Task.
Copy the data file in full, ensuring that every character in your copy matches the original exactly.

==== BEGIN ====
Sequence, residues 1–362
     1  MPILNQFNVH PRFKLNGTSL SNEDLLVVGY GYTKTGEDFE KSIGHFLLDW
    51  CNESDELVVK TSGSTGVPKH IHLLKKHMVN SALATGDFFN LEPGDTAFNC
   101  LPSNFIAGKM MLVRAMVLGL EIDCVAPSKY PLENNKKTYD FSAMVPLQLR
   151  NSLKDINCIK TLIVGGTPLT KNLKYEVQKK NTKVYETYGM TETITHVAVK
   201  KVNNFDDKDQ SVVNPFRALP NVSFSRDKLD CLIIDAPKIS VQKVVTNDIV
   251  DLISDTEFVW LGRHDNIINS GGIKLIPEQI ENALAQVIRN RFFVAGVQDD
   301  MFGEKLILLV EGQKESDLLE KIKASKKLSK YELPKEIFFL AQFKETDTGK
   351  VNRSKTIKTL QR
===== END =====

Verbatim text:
Sequence, residues 1–362
     1  MPILNQFNVH PRFKLNGTSL SNEDLLVVGY GYTKTGEDFE KSIGHFLLDW
    51  CNESDELVVK TSGSTGVPKH IHLLKKHMVN SALATGDFFN LEPGDTAFNC
   101  LPSNFIAGKM MLVRAMVLGL EIDCVAPSKY PLENNKKTYD FSAMVPLQLR
   151  NSLKDINCIK TLIVGGTPLT KNLKYEVQKK NTKVYETYGM TETITHVAVK
   201  KVNNFDDKDQ SVVNPFRALP NVSFSRDKLD CLIIDAPKIS VQKVVTNDIV
   251  DLISDTEFVW LGRHDNIINS GGIKLIPEQI ENALAQVIRN RFFVAGVQDD
   301  MFGEKLILLV EGQKESDLLE KIKASKKLSK YELPKEIFFL AQFKETDTGK
   351  VNRSKTIKTL QR